The last article has the mayor link to what the consumers of their choice in the console wars are not getting informed about.  “When the digital world is entering the field where more and more possible ‘new’ consumers are updated through the net, it seems that their marketing and party lines need to get a massive overhaul and it should all get a much better mentor system then it currently seems to have.” There is a side that had been hidden, even from me. This side is not on the up and up and even game sites like Gamespot have until now been silent about it. The latter one is silent about it as they might not be aware at all, which would be fair enough.

So what is going on?

The next generation of consoles will evolve into a new world that is all about DRM (Digital Rights Management). Even though you think that this was off the table, certain changes are now becoming visible doubting that all no matter what some executives claim to be the case. In case of Microsoft, for their system, as this is not a gaming system, but it has been labelled as an ‘entertainment system’ this all will become a much bigger issue. Do not think that Sony is off the hook here, they will be part of all this down the road too!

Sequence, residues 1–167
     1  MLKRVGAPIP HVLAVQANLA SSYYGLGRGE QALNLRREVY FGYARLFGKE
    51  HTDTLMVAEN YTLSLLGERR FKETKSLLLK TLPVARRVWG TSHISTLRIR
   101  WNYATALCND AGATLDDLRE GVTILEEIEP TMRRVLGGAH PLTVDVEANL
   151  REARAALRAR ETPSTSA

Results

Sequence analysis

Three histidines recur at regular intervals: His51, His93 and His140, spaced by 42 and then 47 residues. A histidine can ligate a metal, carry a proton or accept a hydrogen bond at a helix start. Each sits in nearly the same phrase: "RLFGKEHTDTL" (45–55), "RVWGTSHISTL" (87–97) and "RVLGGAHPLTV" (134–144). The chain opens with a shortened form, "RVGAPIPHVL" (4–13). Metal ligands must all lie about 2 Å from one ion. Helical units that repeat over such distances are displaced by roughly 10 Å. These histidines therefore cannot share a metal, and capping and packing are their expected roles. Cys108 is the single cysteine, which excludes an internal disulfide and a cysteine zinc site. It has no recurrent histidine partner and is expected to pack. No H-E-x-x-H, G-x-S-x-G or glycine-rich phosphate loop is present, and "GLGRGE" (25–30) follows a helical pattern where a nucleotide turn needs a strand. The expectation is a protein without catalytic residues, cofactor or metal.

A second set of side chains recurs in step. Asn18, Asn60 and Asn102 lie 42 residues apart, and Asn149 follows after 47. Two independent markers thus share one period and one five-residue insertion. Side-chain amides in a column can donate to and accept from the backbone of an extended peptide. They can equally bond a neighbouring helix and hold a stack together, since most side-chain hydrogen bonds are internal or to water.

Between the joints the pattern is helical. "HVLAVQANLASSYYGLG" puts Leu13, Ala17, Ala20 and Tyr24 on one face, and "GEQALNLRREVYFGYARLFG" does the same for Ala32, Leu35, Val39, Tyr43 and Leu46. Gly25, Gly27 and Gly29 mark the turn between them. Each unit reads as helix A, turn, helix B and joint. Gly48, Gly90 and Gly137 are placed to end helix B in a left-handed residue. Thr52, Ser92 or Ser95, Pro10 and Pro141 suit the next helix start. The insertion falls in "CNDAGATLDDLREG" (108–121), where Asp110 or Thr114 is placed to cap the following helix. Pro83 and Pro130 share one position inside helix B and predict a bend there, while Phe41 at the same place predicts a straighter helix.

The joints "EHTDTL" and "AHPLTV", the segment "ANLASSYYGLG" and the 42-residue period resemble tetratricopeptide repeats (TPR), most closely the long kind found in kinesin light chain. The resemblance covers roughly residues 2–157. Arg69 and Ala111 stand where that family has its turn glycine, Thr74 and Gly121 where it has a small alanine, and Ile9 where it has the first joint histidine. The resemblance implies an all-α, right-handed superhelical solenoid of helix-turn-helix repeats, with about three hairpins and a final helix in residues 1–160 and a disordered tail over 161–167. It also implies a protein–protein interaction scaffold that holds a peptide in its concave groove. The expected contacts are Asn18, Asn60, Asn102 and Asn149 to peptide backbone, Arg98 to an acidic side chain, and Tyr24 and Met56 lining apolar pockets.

The issue came to light when I was made aware to an article called “TPP ‘A Substantial Threat To Australian Sovereignty’” (at https://newmatilda.com/2013/11/14/tpp-serious-threat-australian-sovereignty). If we ignore mentions like ‘secret law‘ for now and concentrate on “a law that will override the High Court of Australia” as quoted, then we see that our attention was pulled away from lawmaking that will have a massive influence on global users of all forms of entertainment.